Okay, Brownstein didn't use the word "fake," but that is the position he described in his CNN column. Brownstein argues that the Democrats  predominately live in tech centers like Seattle and the Bay area which export large amounts of high tech products and services. He argues these tech areas won't be helped by Trump's steel tariffs and could be hurt by retaliation from foreign countries.

While it is true that these areas will not be helped by steel tariffs it is dishonest to say that these industries support free trade. The tech sector is hugely dependent on protectionism in the form of patent and copyright protection. These government-granted monopolies raise the price of protected items by factors or ten or even a hundred over the free market price, making them the equivalent of tariffs of several thousand percent or even tens of thousands percent.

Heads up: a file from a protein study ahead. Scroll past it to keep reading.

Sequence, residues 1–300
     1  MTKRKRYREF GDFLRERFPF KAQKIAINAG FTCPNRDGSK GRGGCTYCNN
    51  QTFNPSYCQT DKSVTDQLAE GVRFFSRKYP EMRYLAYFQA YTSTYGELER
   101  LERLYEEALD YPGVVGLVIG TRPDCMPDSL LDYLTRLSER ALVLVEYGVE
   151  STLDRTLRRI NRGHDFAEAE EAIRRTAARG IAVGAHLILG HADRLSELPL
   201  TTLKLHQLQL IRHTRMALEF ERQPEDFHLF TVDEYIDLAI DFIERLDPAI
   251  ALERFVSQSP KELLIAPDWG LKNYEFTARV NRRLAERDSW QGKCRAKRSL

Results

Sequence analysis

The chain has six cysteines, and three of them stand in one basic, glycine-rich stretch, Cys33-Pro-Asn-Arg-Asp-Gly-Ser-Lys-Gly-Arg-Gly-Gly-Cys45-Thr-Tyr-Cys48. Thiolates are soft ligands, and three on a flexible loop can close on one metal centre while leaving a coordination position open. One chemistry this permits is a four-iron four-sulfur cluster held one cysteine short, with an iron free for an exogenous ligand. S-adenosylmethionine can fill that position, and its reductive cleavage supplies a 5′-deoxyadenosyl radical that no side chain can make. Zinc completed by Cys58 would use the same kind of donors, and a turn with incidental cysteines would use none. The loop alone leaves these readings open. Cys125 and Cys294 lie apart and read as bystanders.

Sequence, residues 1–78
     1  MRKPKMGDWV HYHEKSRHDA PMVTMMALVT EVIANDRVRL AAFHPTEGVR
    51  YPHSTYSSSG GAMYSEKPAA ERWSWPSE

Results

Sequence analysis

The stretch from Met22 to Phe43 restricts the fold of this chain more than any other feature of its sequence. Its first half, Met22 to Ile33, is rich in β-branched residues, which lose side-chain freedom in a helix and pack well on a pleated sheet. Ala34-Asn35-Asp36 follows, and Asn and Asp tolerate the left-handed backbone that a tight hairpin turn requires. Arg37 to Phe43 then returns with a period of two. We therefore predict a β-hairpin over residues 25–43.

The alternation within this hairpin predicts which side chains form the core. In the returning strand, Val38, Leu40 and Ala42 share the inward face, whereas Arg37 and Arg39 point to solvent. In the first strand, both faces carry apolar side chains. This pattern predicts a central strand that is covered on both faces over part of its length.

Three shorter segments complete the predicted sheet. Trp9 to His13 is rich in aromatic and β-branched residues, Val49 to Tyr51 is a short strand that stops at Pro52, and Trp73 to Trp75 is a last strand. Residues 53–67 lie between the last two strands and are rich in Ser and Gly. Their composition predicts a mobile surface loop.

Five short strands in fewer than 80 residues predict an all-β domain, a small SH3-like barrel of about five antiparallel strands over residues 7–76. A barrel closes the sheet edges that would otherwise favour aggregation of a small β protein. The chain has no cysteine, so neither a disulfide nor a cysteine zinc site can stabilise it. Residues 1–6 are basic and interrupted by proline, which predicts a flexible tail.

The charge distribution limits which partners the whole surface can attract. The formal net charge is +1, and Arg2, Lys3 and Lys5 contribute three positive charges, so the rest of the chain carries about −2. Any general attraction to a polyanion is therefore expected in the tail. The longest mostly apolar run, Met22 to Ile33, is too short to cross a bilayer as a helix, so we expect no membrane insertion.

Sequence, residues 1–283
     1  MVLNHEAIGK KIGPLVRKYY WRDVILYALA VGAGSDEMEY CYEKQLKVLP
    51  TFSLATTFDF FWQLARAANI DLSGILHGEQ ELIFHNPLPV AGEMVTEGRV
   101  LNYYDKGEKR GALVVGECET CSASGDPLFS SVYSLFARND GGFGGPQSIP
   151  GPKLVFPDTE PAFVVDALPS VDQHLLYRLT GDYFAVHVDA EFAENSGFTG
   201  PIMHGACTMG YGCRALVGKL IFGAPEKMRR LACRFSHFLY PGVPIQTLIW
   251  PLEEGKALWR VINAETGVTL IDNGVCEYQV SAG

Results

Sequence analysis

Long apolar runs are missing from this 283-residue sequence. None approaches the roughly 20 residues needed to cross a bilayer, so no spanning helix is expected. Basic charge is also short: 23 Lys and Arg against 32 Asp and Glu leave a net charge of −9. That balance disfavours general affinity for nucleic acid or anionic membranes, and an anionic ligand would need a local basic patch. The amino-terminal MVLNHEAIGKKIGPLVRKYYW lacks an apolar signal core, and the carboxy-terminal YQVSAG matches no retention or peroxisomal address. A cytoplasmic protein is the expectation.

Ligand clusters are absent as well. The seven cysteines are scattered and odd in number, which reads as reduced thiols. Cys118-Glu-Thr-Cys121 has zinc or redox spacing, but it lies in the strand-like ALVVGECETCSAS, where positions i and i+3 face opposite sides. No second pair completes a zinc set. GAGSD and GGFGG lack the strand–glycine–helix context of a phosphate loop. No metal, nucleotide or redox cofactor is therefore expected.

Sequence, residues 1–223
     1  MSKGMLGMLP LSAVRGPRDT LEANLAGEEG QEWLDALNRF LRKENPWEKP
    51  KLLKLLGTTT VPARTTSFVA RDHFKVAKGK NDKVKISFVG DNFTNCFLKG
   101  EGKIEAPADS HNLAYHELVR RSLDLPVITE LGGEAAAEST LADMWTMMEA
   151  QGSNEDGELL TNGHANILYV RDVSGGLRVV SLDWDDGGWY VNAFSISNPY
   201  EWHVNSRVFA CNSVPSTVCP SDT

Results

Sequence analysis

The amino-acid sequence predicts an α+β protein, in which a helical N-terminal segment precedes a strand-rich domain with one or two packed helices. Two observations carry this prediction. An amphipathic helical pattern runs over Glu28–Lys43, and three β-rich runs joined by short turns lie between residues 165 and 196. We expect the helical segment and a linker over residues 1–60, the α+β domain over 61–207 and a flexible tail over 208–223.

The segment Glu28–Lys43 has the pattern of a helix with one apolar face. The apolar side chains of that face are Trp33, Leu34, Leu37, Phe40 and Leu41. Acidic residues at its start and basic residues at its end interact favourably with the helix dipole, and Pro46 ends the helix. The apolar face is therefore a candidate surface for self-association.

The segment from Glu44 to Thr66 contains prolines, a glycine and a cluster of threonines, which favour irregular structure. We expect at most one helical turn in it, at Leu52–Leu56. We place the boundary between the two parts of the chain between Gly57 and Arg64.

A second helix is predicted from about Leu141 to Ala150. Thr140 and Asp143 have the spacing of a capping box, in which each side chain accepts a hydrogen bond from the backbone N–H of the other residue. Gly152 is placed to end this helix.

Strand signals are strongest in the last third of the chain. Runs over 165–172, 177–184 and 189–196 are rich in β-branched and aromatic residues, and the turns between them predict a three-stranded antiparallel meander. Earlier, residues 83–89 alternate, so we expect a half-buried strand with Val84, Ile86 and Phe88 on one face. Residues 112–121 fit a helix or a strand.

There is a rationale for this protectionism, as there is for all protectionism. This is the government's way to provide incentives for innovation and creative work. But there are other, more efficient, mechanisms for financing innovation and creative work that would not put so much money in the pockets of high tech sectors. The people who insist on longer and stronger patent and copyright protections, and use trade deals to lock them in domestically and impose them on other countries are protectionists, not free traders. (This is discussed in my [free] book, Rigged: How Globalization and the Rules of the Modern Economy Were Structured to Make the Rich Richer, chapter 5.)

It is also worth noting that most of Brownstein's "free traders" are just fine with the protectionist barriers that insulate doctors and other highly paid professionals from foreign competition. In the case of doctors these barriers have created a situation in which the average pay of our doctors is roughly twice as high as it is in other wealthy countries (see Rigged, chapter 7).

Protectionism for doctors costs us roughly $100 billion a year in higher health care costs. This is ten times as much as the amount of money at stake with the steel tariffs. All the people who apparently are fine with the barriers that prevent foreign doctors from competing with U.S. doctors are protectionists, not free traders.